Tourism

English Civil War Weekend to revive past glories

The English Civil War Society is holding a whole weekend’s worth of activities to commemorate the city of Gloucester’s involvement in the war on Saturday 23 and 24 March. There will be parades with Cavaliers and Roundheads in full costume, fun and interesting talks at Gloucester City Museum, demonstrations at Gloucester Folk Museum and cannon firing at the Historic Docks.

English Civil War Weekend – full schedule of parades and events

What is the origin of Gloucester‘s strong ties with the English Civil War? The city was besieged by Charles I’s Royalist forces from 3 August until the arrival of the Earl of Essex’s Parliamentarian army on 5 September 1643. After a summer of Royalist victories, Gloucester was one of the few remaining Parliamentarian strongholds left in the West. Charles wished to consolidate his power in the South West and felt that Gloucester’s small garrison would provide little resistance. Colonel Edward Massey led the defence of the city, withstanding cannon attacks and surviving an attempt to undermine the walls at the East Gate (thanks to a spell of bad weather). By the time the Earl of Essex relieved the city, Massey only had three barrels of gunpowder remaining.

Several legends came out of the Siege of Gloucester, one of which was the pig that saved the city. It is said that a pig was carried around inside the city walls during the siege. The poor little pig was tormented into making an almighty racket, hopefully giving off the impression to the Royalists that there were plenty of pigs and that there was no chance of a food running out in Gloucester. For more about Gloucester’s affinity with our porcine friends visit the Centenary of the Gloucestershire Old Spot Exhibition at the Gloucester Folk Museum.

The Mystery of Humpty Dumpty
Humpty Dumpty was said to be the name of an unprecedentedly large mortar imported from Holland. It was mounted on the walls of Llanthony Secunda Priory where the Royalist forces were encamped during the Siege of Gloucester. It was apparently named (disparagingly) after a famously rotund MP of the day. As the artillerymen trained their sights on Gloucester’s cathedral, the cannon misfired. Another assertion was that Humpty Dumpty was a ‘tortoise’ siege engine that featured a series of covered bridges to enable King Charles I’s men to cross the defensive ditch and scale the city walls. This second theory was put forward by Professor David Daube in The Oxford Magazine in 1956, but like many other origin theories of the nursery rhyme, it was a case of fitting square pegs into round holes.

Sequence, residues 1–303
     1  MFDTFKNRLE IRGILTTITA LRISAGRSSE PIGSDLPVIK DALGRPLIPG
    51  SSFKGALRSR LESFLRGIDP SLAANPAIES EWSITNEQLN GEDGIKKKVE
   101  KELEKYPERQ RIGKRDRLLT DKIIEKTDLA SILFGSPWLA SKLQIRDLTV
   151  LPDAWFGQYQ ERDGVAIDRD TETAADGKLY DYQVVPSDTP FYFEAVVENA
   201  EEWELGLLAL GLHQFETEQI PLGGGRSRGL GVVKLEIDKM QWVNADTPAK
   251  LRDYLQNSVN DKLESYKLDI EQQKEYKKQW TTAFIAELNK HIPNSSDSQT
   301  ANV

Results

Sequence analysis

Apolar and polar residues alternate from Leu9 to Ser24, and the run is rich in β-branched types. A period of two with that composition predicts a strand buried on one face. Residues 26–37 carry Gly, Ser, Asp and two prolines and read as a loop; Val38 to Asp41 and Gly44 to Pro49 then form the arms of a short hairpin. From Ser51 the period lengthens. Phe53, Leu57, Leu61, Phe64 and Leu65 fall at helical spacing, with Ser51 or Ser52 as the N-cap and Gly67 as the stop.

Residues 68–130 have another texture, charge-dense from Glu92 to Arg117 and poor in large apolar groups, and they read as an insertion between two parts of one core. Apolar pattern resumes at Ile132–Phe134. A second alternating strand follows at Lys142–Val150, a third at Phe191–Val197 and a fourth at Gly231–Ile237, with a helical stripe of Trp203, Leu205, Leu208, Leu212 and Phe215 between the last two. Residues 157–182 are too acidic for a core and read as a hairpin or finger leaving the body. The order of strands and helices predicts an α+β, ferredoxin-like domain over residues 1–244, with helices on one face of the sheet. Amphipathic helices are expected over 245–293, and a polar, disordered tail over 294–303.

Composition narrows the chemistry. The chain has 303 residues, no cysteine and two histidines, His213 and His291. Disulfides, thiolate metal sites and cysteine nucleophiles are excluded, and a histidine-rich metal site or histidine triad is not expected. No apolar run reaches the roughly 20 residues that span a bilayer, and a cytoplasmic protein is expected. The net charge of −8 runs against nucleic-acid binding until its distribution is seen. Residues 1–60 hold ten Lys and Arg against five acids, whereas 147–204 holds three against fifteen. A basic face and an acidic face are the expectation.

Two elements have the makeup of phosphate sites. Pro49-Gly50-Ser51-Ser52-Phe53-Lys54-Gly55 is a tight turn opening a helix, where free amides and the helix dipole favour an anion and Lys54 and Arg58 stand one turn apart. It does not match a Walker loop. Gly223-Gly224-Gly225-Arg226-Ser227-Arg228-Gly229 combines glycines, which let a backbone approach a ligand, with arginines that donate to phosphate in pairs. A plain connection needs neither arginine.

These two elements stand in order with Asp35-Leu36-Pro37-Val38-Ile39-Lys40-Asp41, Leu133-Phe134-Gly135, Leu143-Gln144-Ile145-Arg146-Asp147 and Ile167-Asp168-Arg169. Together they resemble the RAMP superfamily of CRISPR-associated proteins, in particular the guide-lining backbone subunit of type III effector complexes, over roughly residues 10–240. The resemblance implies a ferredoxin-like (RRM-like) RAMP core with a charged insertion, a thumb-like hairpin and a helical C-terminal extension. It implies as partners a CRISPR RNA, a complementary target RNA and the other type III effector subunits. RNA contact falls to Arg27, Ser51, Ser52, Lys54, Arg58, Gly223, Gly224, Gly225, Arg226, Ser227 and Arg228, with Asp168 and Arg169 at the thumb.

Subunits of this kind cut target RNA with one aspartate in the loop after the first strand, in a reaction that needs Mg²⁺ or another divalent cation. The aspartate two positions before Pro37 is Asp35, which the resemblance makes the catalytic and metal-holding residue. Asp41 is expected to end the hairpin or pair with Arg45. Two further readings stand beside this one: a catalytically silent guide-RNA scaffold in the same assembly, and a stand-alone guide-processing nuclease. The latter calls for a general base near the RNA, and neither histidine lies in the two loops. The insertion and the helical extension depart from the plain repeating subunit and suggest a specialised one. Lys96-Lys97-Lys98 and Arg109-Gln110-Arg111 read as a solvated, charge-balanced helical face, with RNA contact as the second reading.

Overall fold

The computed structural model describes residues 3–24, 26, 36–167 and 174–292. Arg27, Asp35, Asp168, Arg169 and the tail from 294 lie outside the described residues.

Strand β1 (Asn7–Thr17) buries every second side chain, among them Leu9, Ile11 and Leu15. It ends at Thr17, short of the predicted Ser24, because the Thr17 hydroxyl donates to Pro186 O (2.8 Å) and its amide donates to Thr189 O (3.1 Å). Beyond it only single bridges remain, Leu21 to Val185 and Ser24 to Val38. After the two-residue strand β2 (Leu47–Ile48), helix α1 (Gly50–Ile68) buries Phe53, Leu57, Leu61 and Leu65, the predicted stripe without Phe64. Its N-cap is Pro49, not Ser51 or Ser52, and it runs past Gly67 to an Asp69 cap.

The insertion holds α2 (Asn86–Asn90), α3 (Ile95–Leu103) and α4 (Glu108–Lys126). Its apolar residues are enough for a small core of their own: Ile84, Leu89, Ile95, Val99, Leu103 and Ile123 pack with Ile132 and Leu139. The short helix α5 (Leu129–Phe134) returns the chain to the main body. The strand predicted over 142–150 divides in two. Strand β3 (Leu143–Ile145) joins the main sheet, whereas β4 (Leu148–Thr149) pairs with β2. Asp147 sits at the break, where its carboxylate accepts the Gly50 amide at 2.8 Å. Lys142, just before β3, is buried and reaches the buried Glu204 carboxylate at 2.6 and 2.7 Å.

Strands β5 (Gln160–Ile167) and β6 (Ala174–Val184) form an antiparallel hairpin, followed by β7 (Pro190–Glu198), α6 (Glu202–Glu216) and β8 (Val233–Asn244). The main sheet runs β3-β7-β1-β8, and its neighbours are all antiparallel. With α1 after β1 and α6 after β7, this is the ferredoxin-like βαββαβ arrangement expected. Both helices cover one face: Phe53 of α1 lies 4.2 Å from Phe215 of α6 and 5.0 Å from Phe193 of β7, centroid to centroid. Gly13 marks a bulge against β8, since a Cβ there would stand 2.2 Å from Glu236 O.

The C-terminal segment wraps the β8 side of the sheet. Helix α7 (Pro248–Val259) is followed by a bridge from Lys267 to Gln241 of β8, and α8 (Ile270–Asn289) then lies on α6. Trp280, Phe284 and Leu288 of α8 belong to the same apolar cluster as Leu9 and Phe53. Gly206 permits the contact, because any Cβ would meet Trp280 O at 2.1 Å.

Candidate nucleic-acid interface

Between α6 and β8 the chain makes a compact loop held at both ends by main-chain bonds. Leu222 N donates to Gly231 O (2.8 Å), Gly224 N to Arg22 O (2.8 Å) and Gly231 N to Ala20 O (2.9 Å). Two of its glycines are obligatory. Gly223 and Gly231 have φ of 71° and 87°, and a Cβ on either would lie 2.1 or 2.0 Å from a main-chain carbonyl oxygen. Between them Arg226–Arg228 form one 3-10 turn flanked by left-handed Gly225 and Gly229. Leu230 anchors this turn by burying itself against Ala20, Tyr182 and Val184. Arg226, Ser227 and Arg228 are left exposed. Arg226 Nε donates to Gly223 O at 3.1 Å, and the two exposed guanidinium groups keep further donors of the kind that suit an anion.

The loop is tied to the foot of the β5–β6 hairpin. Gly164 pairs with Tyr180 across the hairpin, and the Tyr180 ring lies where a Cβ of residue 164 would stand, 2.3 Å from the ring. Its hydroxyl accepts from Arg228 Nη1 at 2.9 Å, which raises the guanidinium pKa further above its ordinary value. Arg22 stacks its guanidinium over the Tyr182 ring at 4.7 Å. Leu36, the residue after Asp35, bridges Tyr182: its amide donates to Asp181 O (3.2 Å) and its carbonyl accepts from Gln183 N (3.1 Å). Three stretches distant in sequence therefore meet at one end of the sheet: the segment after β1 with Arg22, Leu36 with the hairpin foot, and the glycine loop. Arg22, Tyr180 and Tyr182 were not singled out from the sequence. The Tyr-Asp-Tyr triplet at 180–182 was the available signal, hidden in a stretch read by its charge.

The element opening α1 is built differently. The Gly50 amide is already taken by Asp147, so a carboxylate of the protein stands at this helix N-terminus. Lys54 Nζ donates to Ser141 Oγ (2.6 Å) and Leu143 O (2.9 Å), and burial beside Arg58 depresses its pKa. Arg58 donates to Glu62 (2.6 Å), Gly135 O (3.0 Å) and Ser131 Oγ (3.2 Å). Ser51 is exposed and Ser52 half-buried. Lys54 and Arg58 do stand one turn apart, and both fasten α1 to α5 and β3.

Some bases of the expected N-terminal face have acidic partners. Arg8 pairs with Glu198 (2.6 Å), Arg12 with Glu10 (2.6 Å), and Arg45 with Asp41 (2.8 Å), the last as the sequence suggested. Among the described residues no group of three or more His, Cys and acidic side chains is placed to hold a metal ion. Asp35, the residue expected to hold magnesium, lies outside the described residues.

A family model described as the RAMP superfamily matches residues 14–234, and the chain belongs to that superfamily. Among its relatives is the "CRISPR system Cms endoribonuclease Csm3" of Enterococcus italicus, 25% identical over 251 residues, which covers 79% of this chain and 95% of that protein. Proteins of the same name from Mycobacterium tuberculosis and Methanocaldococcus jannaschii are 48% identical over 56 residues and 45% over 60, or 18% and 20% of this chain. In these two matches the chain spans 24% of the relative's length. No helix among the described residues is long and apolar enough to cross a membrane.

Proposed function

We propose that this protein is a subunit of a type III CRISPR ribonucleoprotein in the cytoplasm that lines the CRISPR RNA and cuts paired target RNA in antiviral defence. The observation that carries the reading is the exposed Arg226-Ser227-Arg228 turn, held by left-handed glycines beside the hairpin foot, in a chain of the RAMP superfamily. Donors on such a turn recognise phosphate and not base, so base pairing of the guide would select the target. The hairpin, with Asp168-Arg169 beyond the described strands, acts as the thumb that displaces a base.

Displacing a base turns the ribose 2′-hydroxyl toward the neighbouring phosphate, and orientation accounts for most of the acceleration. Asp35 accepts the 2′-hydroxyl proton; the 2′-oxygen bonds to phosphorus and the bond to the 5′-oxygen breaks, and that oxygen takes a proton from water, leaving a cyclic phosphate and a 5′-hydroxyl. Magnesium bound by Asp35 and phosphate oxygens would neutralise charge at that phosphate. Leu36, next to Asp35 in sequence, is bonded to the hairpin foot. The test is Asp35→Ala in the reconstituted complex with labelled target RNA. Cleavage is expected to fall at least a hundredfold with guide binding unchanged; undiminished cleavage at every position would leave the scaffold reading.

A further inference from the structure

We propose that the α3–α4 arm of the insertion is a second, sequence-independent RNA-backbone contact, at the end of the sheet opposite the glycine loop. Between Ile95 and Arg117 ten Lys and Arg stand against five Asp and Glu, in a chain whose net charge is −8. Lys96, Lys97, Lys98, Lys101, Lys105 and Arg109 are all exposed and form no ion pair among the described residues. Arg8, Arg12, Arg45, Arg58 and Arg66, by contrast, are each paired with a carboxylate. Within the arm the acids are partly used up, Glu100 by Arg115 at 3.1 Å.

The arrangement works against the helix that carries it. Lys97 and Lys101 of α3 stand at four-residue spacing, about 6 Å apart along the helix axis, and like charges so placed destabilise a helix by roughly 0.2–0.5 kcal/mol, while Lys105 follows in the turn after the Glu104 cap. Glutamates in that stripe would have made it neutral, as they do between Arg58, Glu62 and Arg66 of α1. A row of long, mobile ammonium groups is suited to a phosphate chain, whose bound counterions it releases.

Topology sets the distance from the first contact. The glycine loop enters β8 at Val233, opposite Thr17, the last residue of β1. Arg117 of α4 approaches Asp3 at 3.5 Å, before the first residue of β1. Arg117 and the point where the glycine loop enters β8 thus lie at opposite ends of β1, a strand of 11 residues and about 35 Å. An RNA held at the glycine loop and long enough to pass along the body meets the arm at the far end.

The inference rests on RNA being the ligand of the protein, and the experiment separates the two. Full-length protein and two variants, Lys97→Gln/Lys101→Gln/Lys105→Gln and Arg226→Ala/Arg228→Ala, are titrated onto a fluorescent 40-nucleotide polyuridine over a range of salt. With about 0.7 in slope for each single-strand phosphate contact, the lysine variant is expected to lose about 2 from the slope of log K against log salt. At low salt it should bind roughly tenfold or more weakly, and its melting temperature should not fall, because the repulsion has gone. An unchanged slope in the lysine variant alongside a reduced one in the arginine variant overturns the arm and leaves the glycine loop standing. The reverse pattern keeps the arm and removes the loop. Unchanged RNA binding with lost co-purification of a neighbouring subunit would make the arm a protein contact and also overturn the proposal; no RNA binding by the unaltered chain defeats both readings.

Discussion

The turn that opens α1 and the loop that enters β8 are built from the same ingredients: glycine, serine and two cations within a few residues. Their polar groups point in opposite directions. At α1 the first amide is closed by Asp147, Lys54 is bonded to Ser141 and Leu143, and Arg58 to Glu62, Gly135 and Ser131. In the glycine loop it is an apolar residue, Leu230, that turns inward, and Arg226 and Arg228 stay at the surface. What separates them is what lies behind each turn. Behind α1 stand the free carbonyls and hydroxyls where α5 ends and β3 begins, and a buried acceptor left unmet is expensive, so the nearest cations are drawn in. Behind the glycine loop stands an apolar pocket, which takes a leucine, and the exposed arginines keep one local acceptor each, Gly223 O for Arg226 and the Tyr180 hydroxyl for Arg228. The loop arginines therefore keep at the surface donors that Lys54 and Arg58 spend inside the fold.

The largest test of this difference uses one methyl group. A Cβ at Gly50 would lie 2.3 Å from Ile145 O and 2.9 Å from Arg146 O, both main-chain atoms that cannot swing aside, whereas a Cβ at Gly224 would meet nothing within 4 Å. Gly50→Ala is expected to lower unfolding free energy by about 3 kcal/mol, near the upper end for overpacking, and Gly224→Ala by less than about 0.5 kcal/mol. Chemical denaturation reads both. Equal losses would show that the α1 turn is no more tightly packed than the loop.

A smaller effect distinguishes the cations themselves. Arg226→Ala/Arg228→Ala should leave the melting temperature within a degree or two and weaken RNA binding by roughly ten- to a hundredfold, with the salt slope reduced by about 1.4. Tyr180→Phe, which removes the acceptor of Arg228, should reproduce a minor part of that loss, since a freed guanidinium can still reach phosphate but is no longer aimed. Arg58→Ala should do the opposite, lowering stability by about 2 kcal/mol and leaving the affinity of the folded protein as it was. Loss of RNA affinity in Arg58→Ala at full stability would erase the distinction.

Gloucester Day
Celebrated annually for hundreds of years following the lifting of the Siege of Gloucester on 5 September 1643, the event died out in the nineteenth century. However the celebration was revitalised by town crier Alan Myatt and the Gloucester Civic Trust in 2009 and forms an integral part of the Gloucester History Festival.

Mock Mayor of Barton
During the Restoration of Charles II, the king settled scores and penalised Gloucester’s impertinence during the Civil War by knocking down the once unbreachable walls and reducing the city boundaries. This left Barton outside the city limits and without a mayor to defer to. The residents of Barton ‘elected’ a mock mayor (usually a man who had made the biggest fool of themselves in the previous year) to thumb their noses in defiance at the city of Gloucester’s authority.

The Spirit of Gloucester
Perhaps the Siege of Gloucester is seen as a prime example of the defiance of the fiercely proud inhabitants of this small city. This spirit has been documented since the days when Gloucester (or Glevum) was a Roman colonia – the highest status afforded to a provincial town in the Roman Empire. It was a small colonia, but it had colonia status nonetheless. Today, Gloucester revels in its reputation of passion and pride – just ask the fans at Kingsholm (officially the most passionate fans in the Aviva Premiership). If Gloucester is succesful in being named as one of the venues for the Rugby World Cup in 2015 despite it being the smallest (and only club) ground on the shortlist, it will be down to indomitable spirit of its people.

Worldwide event hopes to illuminate issue of dwindling lighthouses and lightships

The International Lighthouse and Lightship Weekend (ILLW) is an annual event and the SULA Lightship in Gloucester is participating for the second successive year. The event was started in 1998 by a Scottish HAM Radio Amateur and has grown into a massive global event with almost 400 participating lighthouses and lightships.